Of course it shares things; perspective, an imitation of perception, flatness, and all its cultural codes. But we can return to them once we can define its differences. Because by defining its differences maybe we can understand how this difference acts upon its sameness to other forms of communication.
So what is it that we see ‘persisting’ in the networked photography? It is, I would suggest, its stillness and its ability to capture information about the world through a physical link… a ‘trace’. Whether that trace was recorded chemically or electronically for me is not the issue. I do not care if the ‘latent image’ is there caught in the camera waiting to emerge through the printing process or caught in the space between me and the electronic sensor before it materialises on the screen for me to see. It is only a matter of time, I think.
The debate at the roundtable made me think about such terms and the need for my own clarity.
Indexicality is not just a matter of being linked to the object the sign represents (e.g. a piece of Christ’s cross can take on indexicality through an added narrative. When I tell you that this wood is a piece of the cross, it is only through this meta-discourse that the wood becomes linked with Christ). In photography it is also about a physical link to that which it represents. For example, the fingerprint is a physical trace of me. It cannot exist without me pressing my inked finger down on the paper, while the footprint of the bird in the sand can only be made by the physical presence of the wading bird. In its purist form no additional narrative is required to link the sign with the referent. If I was an ornithologist I would be able to read the trace of the bird and identify the species it belongs to but probably not the actual bird. If I were a criminologist I would have the training and knowledge to read the fingerprint for the exact human being it came from. (Indeed, they use to use a print from the ears).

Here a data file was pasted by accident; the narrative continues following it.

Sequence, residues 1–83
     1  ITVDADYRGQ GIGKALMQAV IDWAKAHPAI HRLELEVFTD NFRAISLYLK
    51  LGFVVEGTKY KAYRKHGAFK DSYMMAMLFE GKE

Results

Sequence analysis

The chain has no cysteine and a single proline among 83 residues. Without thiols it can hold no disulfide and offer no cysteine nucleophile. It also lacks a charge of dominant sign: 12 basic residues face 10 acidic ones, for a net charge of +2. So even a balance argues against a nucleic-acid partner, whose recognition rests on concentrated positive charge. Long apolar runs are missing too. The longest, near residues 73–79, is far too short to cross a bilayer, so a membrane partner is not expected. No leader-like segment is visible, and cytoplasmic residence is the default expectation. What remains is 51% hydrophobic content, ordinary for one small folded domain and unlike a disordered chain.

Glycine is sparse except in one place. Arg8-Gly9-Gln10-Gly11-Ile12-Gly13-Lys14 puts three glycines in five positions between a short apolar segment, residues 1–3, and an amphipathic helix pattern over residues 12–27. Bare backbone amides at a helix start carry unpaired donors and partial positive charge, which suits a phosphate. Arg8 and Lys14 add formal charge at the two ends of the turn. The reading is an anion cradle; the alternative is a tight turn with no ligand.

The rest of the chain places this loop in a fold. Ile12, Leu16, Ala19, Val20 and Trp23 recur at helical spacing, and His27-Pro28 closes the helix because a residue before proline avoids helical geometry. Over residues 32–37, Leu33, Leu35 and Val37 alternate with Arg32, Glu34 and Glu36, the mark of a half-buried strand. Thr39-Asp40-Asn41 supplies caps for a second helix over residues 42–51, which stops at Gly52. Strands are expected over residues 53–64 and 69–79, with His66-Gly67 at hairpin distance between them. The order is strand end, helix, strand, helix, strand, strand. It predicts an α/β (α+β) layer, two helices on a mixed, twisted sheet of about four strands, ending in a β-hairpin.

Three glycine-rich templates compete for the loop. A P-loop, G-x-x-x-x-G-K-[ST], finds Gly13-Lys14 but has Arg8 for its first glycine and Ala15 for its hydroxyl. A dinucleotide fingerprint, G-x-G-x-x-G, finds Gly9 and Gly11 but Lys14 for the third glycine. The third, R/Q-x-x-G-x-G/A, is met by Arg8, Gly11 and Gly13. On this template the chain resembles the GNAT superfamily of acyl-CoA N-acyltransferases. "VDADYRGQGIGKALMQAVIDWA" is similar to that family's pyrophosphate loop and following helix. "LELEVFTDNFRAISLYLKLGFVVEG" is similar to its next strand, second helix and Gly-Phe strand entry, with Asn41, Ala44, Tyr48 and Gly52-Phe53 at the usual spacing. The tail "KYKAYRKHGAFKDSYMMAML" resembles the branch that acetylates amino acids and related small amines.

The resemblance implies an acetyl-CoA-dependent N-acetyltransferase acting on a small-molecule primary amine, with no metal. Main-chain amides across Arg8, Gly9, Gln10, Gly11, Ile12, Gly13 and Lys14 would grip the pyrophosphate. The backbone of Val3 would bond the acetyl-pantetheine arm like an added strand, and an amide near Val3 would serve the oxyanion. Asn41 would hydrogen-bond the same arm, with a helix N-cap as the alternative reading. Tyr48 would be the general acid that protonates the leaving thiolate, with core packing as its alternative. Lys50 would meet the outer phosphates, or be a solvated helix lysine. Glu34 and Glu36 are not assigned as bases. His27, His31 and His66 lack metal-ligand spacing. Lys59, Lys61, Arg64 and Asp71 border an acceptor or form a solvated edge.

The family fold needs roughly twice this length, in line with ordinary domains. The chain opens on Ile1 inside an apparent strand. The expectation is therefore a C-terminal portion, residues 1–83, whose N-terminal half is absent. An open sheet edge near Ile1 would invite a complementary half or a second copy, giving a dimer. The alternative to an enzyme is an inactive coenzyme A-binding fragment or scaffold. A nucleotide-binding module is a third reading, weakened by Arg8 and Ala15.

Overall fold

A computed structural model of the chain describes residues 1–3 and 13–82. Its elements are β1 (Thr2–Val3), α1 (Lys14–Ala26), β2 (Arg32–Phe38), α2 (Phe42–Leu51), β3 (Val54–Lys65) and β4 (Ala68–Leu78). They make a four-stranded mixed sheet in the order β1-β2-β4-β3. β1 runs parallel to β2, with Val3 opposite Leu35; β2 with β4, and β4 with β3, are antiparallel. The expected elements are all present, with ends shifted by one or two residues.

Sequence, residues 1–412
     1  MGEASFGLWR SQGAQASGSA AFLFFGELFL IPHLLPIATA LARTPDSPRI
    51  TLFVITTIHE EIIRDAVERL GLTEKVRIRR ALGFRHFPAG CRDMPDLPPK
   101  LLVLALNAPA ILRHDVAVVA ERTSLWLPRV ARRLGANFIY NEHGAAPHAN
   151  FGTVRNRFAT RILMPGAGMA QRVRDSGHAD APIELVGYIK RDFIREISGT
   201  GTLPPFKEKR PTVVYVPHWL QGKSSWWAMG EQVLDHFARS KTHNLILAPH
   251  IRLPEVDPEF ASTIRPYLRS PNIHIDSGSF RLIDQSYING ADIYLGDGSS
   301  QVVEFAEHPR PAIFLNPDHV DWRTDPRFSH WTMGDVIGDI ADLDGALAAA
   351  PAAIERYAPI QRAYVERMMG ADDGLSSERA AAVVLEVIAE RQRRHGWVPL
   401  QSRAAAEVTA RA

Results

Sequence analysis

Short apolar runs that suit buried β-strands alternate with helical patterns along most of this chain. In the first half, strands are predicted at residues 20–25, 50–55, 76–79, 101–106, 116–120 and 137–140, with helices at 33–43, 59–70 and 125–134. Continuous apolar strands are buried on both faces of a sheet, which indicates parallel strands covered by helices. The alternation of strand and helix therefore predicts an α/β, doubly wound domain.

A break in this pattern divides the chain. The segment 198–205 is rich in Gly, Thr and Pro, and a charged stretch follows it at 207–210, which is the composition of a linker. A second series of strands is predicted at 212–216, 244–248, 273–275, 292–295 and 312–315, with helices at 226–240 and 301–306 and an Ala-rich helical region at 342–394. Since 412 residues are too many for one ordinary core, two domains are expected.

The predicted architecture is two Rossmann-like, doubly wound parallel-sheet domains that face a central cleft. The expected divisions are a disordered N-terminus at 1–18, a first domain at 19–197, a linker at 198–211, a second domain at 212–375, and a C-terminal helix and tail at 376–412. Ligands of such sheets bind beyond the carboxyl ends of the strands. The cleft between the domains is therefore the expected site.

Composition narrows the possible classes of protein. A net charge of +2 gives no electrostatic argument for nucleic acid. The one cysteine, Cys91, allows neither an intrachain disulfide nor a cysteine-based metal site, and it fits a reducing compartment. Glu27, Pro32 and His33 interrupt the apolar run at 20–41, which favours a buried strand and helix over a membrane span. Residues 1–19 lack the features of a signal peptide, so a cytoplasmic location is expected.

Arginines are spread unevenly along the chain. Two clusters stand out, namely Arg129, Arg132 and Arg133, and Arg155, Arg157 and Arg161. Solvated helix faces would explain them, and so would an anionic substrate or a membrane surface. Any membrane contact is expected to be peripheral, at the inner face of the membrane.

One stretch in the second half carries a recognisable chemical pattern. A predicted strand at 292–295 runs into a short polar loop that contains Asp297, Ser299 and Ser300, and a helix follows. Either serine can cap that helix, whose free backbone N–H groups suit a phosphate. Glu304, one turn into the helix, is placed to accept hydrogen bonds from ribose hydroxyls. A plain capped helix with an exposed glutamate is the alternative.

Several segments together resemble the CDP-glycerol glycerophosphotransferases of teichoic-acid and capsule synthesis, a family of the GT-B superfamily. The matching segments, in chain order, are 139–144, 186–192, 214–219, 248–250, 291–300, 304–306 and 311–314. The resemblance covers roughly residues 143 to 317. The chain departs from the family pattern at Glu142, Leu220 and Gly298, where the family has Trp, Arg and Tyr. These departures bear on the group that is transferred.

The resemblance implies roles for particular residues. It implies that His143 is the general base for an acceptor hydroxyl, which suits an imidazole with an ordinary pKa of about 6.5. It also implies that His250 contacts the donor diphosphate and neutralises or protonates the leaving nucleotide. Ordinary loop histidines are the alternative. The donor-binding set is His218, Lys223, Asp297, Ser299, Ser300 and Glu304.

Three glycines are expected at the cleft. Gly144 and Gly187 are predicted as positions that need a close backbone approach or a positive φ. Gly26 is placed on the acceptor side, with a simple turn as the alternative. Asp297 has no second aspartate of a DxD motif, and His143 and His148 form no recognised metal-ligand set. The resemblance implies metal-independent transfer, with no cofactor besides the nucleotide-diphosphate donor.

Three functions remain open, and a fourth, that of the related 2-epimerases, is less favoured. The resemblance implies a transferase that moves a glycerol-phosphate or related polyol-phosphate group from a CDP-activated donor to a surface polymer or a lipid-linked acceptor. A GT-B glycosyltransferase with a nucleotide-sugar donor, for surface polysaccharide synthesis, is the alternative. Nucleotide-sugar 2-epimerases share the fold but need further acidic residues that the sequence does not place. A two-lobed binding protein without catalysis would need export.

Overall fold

Since returning from the day these thoughts have stayed with me and I have found myself pondering on them and their significance to the persistence of photography (as a still, indexically traced image on the web). A photograph is a still image linked to the physical world. A photographic trace of my mother was made by my mother when the instrument of the camera recorded (traced) her difference to every other human being on this planet. It is this that I see when I look at it. While I have leant to read the photograph I do not need to learn to read the trace of my mother, her uniqueness is there. Of course for all other viewers I must offer a narrative to locate its personal indexical quality for me but nonetheless what they can all see is the physical trace of another human. This is what dictates its persistence in the digital age. (The pre-Christmas rush for online published family albums bears testament to that).
Thus the photograph is not like the wood of Christ’s cross. It is not dependent on an external narrative or discourses to link it to the physical world. The automatic process of the photographic image does that itself. The uncanny of indexicality is in every photograph we view but none more so than the photograph of the human.
Why does it matter to me? It is because I am someone who studies photography in its ordinary everyday usage, part of networked culture in which the persistence of these two defining traits – a trace and stillness (take a look at Facebook) – ‘speaks’, I believe, to a social, cultural and ‘human’ need that can only be fulfilled by the photograph. (Why was it invented in the first place?). If it didn’t it would have mutated, away from index and stillness into something else …perhaps a moving portrait of the kind familiar to fans of the Harry Potter films … long ago.